Website accessibility

@JEET, you’re talking like you know what his website is. Care to share?

Also ALT is not a tag, it’s an attribute. In fact most of your terminology is wrong.

Now that said, you also made a number of good points.

As many of you know I’ve been working the past decade as a web accessibility and efficiency consultant. Specifically, I go into places being sued for non-compliance and give guidance — and assistance re-coding — sites to meet accessibility norms to a sufficient level to negotiate in good faith with the courts or plaintiff. Done properly you can often get any fines waved, or negotiate a more reasonable settlement if you simply fix the damned thing in a prompt and orderly fashion.

In days past, when I first switched from full stack development unto and of itself to a focus on front end accessibility, life was easy. Most every site that failed compliance the problem was simple stuff. Improper metrics (aka using pixels for everything), fixed width layouts, invalid/improper semantics, and illegible colour contrasts. The past five or six years though a new problem has arisen: JavaScript for nothing and garbage “frameworks”.

One of the biggest blights upon web accessibility at the moment is “JavaScript for Nothing”, “JavaScript without graceful degradation”, also known as “JavaScript as the only means of functionality”. JavaScript in and of itself is not an accessibility violation, but it should not be used for anything normal users might need to do on a normal site.

Like navigation, contact forms, shopping carts, and basic delivery of content. If scripting off these things do not function, you are in violation of accessibility norms. PERIOD.

These things should be coded to work without client-side scripting FIRST, and then / only then should you enhance them with JavaScript, and only as needed or in ways that improve the overall user experience.

This is why how frameworks like React, Vue, etc, “work” are a giant middle finger to usability and accessibility since what they do is typically useless to screen readers (software reading the page aloud), braille readers, search engines, users/workplaces that block JS for security reasons, and a whole host of other perfectly valid ways of using the web. The Internet is about MORE than perfectly sighted users in front of a screen.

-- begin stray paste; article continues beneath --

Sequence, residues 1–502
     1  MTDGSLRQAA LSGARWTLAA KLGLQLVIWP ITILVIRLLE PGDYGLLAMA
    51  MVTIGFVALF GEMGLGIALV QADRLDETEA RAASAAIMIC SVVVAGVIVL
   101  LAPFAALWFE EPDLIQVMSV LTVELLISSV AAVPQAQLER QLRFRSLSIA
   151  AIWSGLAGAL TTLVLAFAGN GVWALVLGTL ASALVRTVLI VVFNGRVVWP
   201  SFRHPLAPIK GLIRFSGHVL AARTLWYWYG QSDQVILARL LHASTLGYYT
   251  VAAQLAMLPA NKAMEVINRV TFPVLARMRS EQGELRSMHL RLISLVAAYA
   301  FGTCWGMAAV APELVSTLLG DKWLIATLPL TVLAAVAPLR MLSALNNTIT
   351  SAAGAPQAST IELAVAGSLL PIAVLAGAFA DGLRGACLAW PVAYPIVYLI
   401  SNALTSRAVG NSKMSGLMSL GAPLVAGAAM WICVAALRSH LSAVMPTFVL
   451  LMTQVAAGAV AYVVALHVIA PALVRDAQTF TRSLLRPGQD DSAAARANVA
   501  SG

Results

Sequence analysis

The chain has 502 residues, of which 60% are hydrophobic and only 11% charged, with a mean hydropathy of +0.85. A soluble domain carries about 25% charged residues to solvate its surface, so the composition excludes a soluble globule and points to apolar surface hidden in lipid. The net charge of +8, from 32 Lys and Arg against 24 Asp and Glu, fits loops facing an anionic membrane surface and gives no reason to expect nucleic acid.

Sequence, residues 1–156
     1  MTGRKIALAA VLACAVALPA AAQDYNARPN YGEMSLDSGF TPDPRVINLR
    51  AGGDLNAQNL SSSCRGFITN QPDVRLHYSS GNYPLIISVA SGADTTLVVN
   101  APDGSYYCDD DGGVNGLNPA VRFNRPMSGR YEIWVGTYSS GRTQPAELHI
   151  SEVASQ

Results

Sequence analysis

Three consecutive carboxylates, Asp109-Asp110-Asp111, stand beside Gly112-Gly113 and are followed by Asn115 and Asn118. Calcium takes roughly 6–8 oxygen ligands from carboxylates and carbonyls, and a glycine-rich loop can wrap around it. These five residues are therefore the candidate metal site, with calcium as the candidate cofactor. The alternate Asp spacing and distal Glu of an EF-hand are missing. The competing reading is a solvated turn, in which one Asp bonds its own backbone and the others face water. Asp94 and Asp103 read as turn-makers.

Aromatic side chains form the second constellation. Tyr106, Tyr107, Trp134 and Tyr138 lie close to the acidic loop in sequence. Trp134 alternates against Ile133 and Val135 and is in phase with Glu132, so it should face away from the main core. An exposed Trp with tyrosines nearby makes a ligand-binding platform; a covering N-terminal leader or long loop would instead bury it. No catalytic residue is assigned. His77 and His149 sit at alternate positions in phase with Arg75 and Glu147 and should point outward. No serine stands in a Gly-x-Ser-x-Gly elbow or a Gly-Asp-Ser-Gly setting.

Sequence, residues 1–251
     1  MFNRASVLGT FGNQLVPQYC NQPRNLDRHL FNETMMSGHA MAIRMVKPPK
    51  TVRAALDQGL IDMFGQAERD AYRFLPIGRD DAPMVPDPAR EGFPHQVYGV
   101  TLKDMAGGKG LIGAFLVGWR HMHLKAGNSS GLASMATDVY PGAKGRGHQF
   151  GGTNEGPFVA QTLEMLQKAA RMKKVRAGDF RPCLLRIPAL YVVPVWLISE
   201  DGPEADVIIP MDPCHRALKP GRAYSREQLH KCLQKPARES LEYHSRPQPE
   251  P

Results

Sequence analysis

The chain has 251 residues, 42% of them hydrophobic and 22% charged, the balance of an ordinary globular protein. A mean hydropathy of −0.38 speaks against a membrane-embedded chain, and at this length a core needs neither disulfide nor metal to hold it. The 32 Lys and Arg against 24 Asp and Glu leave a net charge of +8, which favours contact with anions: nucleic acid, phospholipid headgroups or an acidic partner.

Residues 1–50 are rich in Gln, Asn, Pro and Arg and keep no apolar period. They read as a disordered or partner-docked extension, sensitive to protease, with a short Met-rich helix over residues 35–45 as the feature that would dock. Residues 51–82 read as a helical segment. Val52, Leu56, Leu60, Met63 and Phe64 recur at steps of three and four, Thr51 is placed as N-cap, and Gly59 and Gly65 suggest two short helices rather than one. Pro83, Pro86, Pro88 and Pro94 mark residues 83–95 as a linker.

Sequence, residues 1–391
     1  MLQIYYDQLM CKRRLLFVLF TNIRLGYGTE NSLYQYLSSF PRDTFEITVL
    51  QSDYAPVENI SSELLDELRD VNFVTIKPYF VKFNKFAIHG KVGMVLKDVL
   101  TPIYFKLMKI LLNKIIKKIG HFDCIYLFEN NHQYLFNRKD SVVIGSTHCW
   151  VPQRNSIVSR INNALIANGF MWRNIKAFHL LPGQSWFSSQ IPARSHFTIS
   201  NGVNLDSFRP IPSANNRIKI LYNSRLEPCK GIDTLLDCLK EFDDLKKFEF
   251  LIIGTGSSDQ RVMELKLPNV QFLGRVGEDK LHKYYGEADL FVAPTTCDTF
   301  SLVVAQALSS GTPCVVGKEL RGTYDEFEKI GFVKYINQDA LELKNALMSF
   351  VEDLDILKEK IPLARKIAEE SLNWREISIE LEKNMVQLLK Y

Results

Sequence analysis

The same goes for website semantics, you need to understand things like “landings” — places keyboard and other alternative navigation methods can hook to get around the page — and why logical document structure is so important as your working base. Your HTML should be the foundation of your accessibility, and slopping it together in a broken, nonsensical, and half-assed manner leads to non-compliance.

Hence why these equally dumbass “front end frameworks” like bootcrap, tailfart, etc, etc, create far more problems than they solve. They too are clearly written by people who are unqualified to write a single damned line of HTML or CSS. They don’t use proper semantics for logical document structure, they use broken font metrics (oft willy-nilly mixing PX and %/EM), they oft operate in complete ignorance of legibile colour contrasts out of the box, and on the whole are train wreck laundry lists of how NOT to build a website.

… and betwixt the two of those alone, the people who say “nobody cares about the code” are talking out their asses. Bad code leads to violation of most if not all accessibility minimums.

Take any example from bootcrap and it’s out of the box style. One of the best ways to explain accessibility violations is to take something in total violation and to break it down.

Starting a document with a H4? 2:1 ratio of menu text color to the background color? Mix-and-match of PX media queries/widths with dynamic font sizes resulting in responsive layout being utterly broken? Abusing lists around obviously tabular data because “teh tabuls r evuls!!!” idiocy?

Hell, take v5’s splash page crap: (something we’ve been told for decades not to do in the first place)